Buffalo Beyond Flowers: Sustainability and Wilkeson Point Park

As part of Garden Walk Buffalo Niagara‘s Buffalo Beyond Flowers: Sustainability in Action tour, the nearly 30 of us on the bus made a stop at Wilkeson Point Park – one of Buffalo’s newest parks along the Lake Erie waterfront.

Dean Gowen, the park’s designer,
explains the origin and history
of the landscape.

Landscape Architect Dean Gowen, of Wendel Architecture, met our group and explained the layout of the park, its history, and walked us around to explain some of its features.

The park opened in 2013, adjoining Times Beach Nature Preserve, a long-ago sand beach that is now the site of stored, dredged “materials” from other parts of the Buffalo River rectification process (pretty nasty stuff – don’t worry, it’s capped under the water by many feet of clay, sediment, and stone).

A former industrial site, the new park was made only after the storage of the Lake Erie ice boom was moved elsewhere along the Buffalo River. With this land freed up, it was carved out for volleyball courts, a gazebo, a fishing pier, a sand beach, bike paths, “natural” playgrounds of boulders and driftwood, a slide (built into a hill), pedestrian bridges, a kayak “roll-in” launch, restrooms, picnicking areas, and these beautiful wind sculptures.

Native plants were installed at the water’s edge.
Previously it was edged by boulders and
driftwood.By now there’s a mix of natives and
non-natives that they try to control,
but are not militant about it.

Horticulturally, it has many rain gardens, man-made, native-planted hills and berms, and naturalistic “no-mow”areas. An emphasis was obviously trying to make it low on maintenance and high on returning the space closer to its natural state.

The Park’s most unique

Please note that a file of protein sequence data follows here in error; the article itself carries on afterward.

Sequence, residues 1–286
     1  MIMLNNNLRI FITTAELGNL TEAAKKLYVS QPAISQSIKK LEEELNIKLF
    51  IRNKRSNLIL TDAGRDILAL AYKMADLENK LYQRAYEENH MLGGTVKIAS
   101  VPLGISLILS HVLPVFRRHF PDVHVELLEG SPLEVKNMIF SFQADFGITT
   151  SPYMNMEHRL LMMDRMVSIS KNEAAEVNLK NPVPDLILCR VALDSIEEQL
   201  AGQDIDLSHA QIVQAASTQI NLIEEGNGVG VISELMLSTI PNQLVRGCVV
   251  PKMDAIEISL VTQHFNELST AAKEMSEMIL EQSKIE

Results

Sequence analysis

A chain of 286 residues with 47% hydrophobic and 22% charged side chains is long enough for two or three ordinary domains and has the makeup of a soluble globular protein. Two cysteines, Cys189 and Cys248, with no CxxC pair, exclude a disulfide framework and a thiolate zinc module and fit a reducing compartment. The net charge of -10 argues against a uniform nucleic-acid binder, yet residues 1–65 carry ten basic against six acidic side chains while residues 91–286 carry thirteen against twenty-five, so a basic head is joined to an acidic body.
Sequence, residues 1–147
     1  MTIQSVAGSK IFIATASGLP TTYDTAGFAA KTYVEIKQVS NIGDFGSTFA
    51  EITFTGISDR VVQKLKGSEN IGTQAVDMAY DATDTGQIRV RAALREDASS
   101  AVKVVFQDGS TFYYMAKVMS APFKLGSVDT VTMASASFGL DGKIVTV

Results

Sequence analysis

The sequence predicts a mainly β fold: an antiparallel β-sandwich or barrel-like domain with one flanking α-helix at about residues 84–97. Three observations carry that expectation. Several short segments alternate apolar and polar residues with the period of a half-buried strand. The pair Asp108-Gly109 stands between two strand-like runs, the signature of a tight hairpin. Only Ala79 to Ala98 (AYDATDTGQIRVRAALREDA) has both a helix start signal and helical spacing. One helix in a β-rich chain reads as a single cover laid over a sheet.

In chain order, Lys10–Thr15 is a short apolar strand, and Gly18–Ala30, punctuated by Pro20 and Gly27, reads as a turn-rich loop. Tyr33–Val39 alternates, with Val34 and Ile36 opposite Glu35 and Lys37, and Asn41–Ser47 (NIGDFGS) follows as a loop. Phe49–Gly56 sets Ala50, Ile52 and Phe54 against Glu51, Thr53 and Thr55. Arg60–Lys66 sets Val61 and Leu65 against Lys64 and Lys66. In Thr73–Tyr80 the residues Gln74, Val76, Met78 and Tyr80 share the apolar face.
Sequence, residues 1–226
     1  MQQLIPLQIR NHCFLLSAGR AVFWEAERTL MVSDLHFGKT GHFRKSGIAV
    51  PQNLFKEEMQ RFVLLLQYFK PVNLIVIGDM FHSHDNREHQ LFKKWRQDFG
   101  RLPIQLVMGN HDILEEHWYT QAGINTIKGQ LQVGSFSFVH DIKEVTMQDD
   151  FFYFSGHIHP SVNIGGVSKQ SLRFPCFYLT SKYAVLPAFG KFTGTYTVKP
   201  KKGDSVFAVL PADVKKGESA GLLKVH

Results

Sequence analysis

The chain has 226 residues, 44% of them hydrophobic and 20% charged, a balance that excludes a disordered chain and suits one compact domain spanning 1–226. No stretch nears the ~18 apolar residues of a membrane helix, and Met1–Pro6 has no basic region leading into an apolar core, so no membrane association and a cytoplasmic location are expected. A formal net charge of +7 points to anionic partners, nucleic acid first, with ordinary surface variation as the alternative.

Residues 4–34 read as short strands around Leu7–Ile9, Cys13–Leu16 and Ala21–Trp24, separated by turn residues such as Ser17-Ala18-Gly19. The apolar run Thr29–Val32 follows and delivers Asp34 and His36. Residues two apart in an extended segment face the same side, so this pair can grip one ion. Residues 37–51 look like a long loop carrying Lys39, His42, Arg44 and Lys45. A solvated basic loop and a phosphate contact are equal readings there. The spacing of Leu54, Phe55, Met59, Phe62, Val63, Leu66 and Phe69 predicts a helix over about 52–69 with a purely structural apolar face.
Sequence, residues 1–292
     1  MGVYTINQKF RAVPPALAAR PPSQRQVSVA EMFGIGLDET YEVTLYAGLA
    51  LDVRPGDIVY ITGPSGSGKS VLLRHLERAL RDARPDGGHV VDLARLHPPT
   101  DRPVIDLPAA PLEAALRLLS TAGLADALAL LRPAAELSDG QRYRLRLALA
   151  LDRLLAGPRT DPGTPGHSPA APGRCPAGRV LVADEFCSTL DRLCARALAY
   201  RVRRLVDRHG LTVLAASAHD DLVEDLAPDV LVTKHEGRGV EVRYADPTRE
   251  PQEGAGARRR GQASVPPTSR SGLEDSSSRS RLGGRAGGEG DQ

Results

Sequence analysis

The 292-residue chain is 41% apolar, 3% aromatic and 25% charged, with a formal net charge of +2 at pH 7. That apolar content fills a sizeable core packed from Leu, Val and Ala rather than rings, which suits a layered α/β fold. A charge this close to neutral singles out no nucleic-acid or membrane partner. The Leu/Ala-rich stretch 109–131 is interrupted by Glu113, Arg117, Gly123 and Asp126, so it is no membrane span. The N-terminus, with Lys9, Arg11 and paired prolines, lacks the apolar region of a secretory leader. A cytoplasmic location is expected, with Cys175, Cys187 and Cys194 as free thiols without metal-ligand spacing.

feature are the
wind sculptures.

The park is only minutes from downtown Buffalo – and a new bike ferry makes it extremely easy to get here. And since it is only a couple minutes from the center of the city, it has great view of both the city skyline from a unique vantage point – and spectacular views of Lake Erie, the Lackawanna wind turbines, and west to Canada were you can watch the sun set.

Dean tells us that it seemed a natural to take advantage of the constant wind in this spot on the lake to install these kinetic wind sculptures. They were designed and fabricated by artist Lyman Whitaker, who has other wind sculptures in Oslo, Denmark, LA, Asheville, Fort Worth and more.

There are large marble architectural remnants in arrangements throughout the park, found on the site, that are from from the original M&T Bank building once at the corner of Main and Swan Streets.

Since my visit, my wife and I have been down here to use the kayak launch. If we ever get back on our bikes for leisure again, we’d like to try the bike ferry and ride along the miles of bike paths along the outer harbor area. Our bike riding over the past few years has been organized bike tours, a barge and bike tour through the Netherlands, and renting bikes in OTHER cities we’ve visited. It would be nice to discover a whole new area of a city we’ve been a part of for more than 30 years!

Large arrangements of limestone architectural features are from a demolished bank building in Buffalo that were dumped here years ago.
Downtown Buffalo is really just minutes by car or bike (if you’re using the bike ferry).
The park is just a bit before the downtown lighthouse.
Views of Buffalo’s famous grain elevators just across the Skyway.

Jim Charlier is an advertising designer/photographer/crafter with a serious gardening problem. He's co-written a garden design book featuring the funky, quirky and fun gardens by the gardeners of Buffalo titled "Buffalo-Style Gardens: Create a Quirky, One-of-a-Kind Private Garden with Eye-Catching Designs" (BuffaloStyleGardens.com); he writes a long-standing garden blog (ArtofGardening.org); led the largest garden tour in America, Garden Walk Buffalo; has written for, or provided photography for dozens of magazines and books; has made presentations and participated in panel discussions on garden design and garden tourism nationally and internationally.

0 comments on “Buffalo Beyond Flowers: Sustainability and Wilkeson Point Park

  1. One of my favorite spots to stroll. Did they happen to mention why they put a huge fence between Times Beach and Wilkeson Point? Seems a waste of money.


  2. I didn't notice that, but it would seem to make sense to integrate the two parks fully so they seem like one entity. Probably a function of being under the management of two different groups that don't consider what the public thinks or how they use a park.


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